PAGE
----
ML-fairness-gym: A Tool for Exploring Long-Term Impacts of Machine Learning Systems

Machine learning systems have been increasingly deployed to aid in high-impact decision-making, such as determining criminal sentencing, child welfare assessments, who receives medical attention and many other settings. Understanding whether such systems are fair is crucial, and requires an understanding of models’ short- and long-term effects. Common methods for assessing the fairness of machine learning systems involve evaluating disparities in error metrics on static datasets for various inputs to the system. Indeed, many existing ML fairness toolkits (e.g., AIF360, fairlearn, fairness-indicators, fairness-comparison) provide tools for performing such error-metric based analysis on existing datasets. While this sort of analysis may work for systems in simple environments, there are cases (e.g., systems with active data collection or significant feedback loops) where the context in which the algorithm operates is critical for understanding its impact. In these cases, the fairness of algorithmic decisions ideally would be analyzed with greater consideration for the environmental and temporal context than error metric-based techniques allow.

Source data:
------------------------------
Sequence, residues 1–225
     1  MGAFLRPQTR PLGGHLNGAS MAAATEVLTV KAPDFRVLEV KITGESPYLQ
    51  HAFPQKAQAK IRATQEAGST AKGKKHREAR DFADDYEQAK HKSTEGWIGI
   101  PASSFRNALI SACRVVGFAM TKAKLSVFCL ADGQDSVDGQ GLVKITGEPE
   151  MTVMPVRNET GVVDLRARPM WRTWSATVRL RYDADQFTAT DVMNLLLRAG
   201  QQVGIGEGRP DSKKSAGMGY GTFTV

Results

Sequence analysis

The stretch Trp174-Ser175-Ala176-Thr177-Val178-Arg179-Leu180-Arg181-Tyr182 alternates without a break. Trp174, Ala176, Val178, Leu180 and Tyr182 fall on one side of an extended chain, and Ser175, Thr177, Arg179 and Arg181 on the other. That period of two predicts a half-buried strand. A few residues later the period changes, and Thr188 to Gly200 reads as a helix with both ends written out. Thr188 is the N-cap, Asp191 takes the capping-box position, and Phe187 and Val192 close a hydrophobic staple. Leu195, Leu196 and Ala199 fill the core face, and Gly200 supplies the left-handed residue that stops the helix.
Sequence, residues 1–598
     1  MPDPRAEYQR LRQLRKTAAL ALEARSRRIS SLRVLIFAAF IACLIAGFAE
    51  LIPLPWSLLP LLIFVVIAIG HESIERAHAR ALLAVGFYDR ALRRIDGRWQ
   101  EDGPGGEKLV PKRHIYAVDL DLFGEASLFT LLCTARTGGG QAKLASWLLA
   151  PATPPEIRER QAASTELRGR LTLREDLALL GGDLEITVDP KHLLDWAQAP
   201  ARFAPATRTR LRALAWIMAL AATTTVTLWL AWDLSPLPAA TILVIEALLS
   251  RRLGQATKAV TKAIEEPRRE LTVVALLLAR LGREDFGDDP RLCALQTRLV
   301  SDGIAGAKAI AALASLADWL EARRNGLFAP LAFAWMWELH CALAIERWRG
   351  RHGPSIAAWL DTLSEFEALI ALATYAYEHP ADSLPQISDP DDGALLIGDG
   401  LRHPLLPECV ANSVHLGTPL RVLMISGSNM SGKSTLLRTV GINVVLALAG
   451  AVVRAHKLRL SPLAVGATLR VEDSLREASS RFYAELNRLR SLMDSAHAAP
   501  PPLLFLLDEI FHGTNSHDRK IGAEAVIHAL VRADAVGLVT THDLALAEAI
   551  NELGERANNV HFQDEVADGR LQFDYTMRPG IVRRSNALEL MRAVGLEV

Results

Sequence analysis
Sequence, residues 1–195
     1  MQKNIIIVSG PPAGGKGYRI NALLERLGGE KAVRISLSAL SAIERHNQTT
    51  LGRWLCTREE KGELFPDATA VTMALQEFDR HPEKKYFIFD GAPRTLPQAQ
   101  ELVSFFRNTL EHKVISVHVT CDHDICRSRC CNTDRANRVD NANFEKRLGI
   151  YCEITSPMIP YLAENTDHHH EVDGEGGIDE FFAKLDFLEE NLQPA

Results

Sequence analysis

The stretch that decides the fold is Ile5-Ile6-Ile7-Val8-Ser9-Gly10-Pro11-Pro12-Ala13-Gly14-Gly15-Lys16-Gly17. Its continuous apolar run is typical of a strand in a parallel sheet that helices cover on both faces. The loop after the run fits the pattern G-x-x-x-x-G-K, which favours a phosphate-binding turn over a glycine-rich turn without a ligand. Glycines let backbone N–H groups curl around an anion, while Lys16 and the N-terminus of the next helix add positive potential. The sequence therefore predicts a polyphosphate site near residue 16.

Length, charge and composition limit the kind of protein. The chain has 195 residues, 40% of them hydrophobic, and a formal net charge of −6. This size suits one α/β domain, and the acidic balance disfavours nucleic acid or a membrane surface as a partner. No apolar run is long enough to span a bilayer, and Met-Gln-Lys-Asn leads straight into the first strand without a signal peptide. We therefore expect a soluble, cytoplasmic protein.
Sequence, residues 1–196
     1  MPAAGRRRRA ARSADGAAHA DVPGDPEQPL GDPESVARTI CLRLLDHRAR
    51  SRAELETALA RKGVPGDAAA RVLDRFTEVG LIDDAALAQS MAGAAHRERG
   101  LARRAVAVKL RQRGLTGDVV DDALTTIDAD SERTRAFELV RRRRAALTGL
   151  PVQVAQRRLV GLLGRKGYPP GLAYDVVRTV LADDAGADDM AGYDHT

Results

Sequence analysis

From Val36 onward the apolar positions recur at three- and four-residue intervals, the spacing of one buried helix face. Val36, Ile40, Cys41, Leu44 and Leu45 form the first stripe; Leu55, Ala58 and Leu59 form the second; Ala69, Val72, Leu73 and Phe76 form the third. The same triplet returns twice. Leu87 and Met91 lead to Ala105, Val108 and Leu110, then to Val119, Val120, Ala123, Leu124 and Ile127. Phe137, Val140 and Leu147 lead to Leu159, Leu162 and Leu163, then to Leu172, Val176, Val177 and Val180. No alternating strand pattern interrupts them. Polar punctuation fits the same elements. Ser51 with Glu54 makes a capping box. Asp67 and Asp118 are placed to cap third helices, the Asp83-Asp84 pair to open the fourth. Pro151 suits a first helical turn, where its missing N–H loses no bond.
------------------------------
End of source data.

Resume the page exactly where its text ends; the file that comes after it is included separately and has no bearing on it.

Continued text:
In order to facilitate algorithmic development with this broader context, we have released ML-fairness-gym, a set of components for building simple simulations that explore potential long-run impacts of deploying machine learning-based decision systems in social environments. In “Fairness is not Static: Deeper Understanding of Long Term Fairness via Simulation Studies” we demonstrate how the ML-fairness-gym can be used to research the long-term effects of automated decision systems on a number of established problems from current machine learning fairness literature.

An Example: The Lending Problem
A classic problem for considering fairness in machine learning systems is the lending problem, as described by Liu et al. This problem is a highly simplified and stylized representation of the lending process, where we focus on a single feedback loop in order to isolate its effects and study it in detail. In this problem formulation, the probability that individual applicants will pay back a loan is a function of their credit score. These applicants also belong to one of an arbitrary number of groups, with their group membership observable by the lending bank.